Denmark’s economic growth is estimated to have slowed sharply in 2023, primarily due to weaker external demand, coupled with high inflation and tightening financial conditions. The International Monetary Fund (IMF) projected that the Danish economy grew by just 1.7% in 2023 while the European Commission released a gloomier outlook, projecting a miniscule growth of 1.2%. This is a sharp slowdown from real GDP growth rates of 6.8% in 2021 and 3.8% in 2022.

Regional house price variations

ADMB figures showed that local housing markets in most Danish regions remained depressed, amidst weak property demand.

By region:

  • In the Capital Region, i.e. Copenhagen and its hinterland, the average transaction price of owner-occupied flats increased slightly by 1.2% (but fell by 1% when adjusted for inflation) y-o-y to DKK 43,646 (€5,854) per square meter (sq. m.) in Q3 2023. This was a sharp slowdown from the y-o-y growth of 5% in Q2 2022 and 17.1% in Q2 2021.
  • In Southern Denmark, house prices fell by 9.8% (-11.7% inflation-adjusted) to an average of DKK 17,825 (€2,391) per sq. m. over the same period.
  • In Central Denmark, house prices dropped 2.2% (-4.3% inflation-adjusted) y-o-y to DKK 26,359 (€3,536) per sq. m. in Q3 2023.
  • In the Zealand region, transaction prices for owner-occupied flats rose by 2.4% (0.2% inflation-adjusted) y-o-y to an average of DKK 20,398 (€2,736) per sq. m. in Q3 2023 – an improvement from the prior year’s 1.7% price fall.
  • In North Jutland, house prices were up by a meager 1.1% (but fell by 1% when adjusted for inflation) y-o-y to an average of DKK 19,290 (€2,587) per sq. m. in Q3 2023.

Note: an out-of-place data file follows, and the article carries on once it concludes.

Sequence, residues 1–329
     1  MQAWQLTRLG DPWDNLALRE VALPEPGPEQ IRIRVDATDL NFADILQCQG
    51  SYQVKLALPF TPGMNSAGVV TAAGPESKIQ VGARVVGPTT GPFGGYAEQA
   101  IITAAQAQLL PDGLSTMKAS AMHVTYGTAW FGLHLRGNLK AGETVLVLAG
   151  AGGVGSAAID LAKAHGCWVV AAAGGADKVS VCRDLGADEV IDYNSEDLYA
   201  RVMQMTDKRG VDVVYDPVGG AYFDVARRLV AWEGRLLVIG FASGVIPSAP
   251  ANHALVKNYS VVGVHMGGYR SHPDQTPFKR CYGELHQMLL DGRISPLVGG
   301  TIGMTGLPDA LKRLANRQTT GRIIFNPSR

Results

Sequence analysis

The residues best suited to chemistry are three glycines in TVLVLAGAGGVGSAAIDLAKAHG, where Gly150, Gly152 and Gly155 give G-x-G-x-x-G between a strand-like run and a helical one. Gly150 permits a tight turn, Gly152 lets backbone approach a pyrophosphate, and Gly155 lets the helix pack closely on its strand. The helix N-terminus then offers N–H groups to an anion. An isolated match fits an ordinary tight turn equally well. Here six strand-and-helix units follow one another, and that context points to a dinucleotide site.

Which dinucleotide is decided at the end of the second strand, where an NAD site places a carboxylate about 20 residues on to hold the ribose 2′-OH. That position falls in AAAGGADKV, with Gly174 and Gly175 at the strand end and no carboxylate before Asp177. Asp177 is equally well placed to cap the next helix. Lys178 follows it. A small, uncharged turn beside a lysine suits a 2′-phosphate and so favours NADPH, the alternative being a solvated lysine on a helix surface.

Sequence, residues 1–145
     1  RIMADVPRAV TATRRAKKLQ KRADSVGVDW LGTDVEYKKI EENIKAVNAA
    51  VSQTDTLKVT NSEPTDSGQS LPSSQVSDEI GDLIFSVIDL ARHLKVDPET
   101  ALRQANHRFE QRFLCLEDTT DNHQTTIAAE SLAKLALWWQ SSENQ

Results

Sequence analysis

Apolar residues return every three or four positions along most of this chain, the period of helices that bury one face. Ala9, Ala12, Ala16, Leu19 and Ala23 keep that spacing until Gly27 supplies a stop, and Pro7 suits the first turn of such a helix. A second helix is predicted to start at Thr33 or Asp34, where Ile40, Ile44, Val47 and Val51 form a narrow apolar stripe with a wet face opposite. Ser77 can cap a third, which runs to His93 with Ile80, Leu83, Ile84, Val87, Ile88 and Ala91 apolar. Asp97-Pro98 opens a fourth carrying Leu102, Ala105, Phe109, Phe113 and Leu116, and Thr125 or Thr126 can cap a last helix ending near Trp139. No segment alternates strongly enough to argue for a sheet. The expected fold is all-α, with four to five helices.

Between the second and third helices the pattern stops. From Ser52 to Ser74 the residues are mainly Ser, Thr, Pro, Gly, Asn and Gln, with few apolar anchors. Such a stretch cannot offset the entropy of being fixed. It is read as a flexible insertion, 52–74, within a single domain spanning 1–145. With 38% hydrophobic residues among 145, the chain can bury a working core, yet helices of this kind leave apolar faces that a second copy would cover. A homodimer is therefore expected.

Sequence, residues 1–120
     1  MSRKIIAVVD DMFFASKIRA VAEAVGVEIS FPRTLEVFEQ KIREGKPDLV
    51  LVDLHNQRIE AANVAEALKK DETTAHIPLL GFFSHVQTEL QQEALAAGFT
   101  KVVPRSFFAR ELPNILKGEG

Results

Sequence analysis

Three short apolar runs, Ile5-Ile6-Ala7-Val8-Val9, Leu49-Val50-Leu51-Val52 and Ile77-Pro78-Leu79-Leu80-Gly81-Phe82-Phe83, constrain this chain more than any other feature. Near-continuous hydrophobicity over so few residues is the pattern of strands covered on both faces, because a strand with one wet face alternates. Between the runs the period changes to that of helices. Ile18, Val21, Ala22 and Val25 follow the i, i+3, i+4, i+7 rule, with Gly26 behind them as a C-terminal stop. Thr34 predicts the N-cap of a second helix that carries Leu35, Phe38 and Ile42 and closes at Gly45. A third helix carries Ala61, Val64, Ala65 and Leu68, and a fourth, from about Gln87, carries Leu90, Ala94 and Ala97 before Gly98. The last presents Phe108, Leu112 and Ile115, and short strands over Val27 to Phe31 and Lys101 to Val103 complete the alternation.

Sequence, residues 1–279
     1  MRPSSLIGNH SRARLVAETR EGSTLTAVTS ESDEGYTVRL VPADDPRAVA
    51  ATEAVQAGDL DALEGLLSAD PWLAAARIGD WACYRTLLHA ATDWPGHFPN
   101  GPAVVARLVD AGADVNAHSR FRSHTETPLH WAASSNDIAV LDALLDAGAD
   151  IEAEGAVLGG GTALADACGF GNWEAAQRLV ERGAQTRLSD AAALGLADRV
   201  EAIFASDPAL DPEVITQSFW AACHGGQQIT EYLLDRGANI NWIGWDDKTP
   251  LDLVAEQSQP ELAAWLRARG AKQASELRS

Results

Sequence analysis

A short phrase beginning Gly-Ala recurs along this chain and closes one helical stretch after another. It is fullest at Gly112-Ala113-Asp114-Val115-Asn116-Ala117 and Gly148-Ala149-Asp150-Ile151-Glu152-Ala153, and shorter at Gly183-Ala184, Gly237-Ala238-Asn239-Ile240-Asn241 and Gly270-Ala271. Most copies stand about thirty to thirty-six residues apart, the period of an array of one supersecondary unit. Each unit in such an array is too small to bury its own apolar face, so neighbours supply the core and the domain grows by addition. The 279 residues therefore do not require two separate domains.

Denmark Average Prices of Owner-Occupied Flats graph

A brief history of Denmark’s housing boom and bust

Denmark has been through several vigorous boom-bust cycles. From Q1 2003 to Q2 2007, the national average house price rose 75.4%, or 63.6% in real terms, based on figures from the Association of Danish Mortgage Banks (ADMB). Prices in the capital region rose by 88.3% (75.6% in real terms). Property prices peaked in Q2 2007.

Then from Q2 2007 to Q3 2009, property prices fell by about 15.4% (-19.3% in real terms) due to the global financial meltdown. In the capital region, the decline was 25.3% (-28.8% in real terms). The regions that experienced the highest price rises during the boom generally had the biggest price falls.

From Q3 2009 to Q3 2010 there was a short-lived recovery. But property prices fell again by about 9% from Q4 2010 to Q4 2012, due to the eurozone debt crisis.

The housing market has improved gradually since then, with house prices rising by 1.38% (0.71% in real terms) in 2013 and by 1.83% (1.35% in real terms) in 2014. The Danish housing market strengthened in the following years, thanks to robust demand fueled by negative interest rates.

Performance of the housing market since 2015:

  • 2015: house prices were up by 6.57% (6.17% in real terms)
  • 2016: up by 4.18% (3.8% in real terms)
  • 2017: up by 5.19% (3.88% in real terms)
  • 2018: up by 3.48% (2.67% in real terms)
  • 2019: up by 3.94% (3.24% in real terms)
  • 2020: up by 6.35% (5.87% in real terms)
  • 2021: up by 9.63% (6.28% in real terms)

However, the housing market started to slow in 2022. Nationwide house prices fell by 5.51% (-13.5% in real terms) y-o-y in 2022, as demand plummets due to rising interest rates and falling purchasing power of homebuyers caused by high inflation last year.

Demand remains weak

Property demand in Denmark remains weak in the first three quarters of 2023:

  • Detached/terrace houses: 29,127 units sold in Q1-Q3 2023, down slightly by 0.4% from a year earlier, according to the ADMB.
  • Owner-occupied flats: 9,960 units sold, up by 3.6% from the previous year.
  • Holiday homes: 5,035 units sold, down by 3.3% from a year earlier.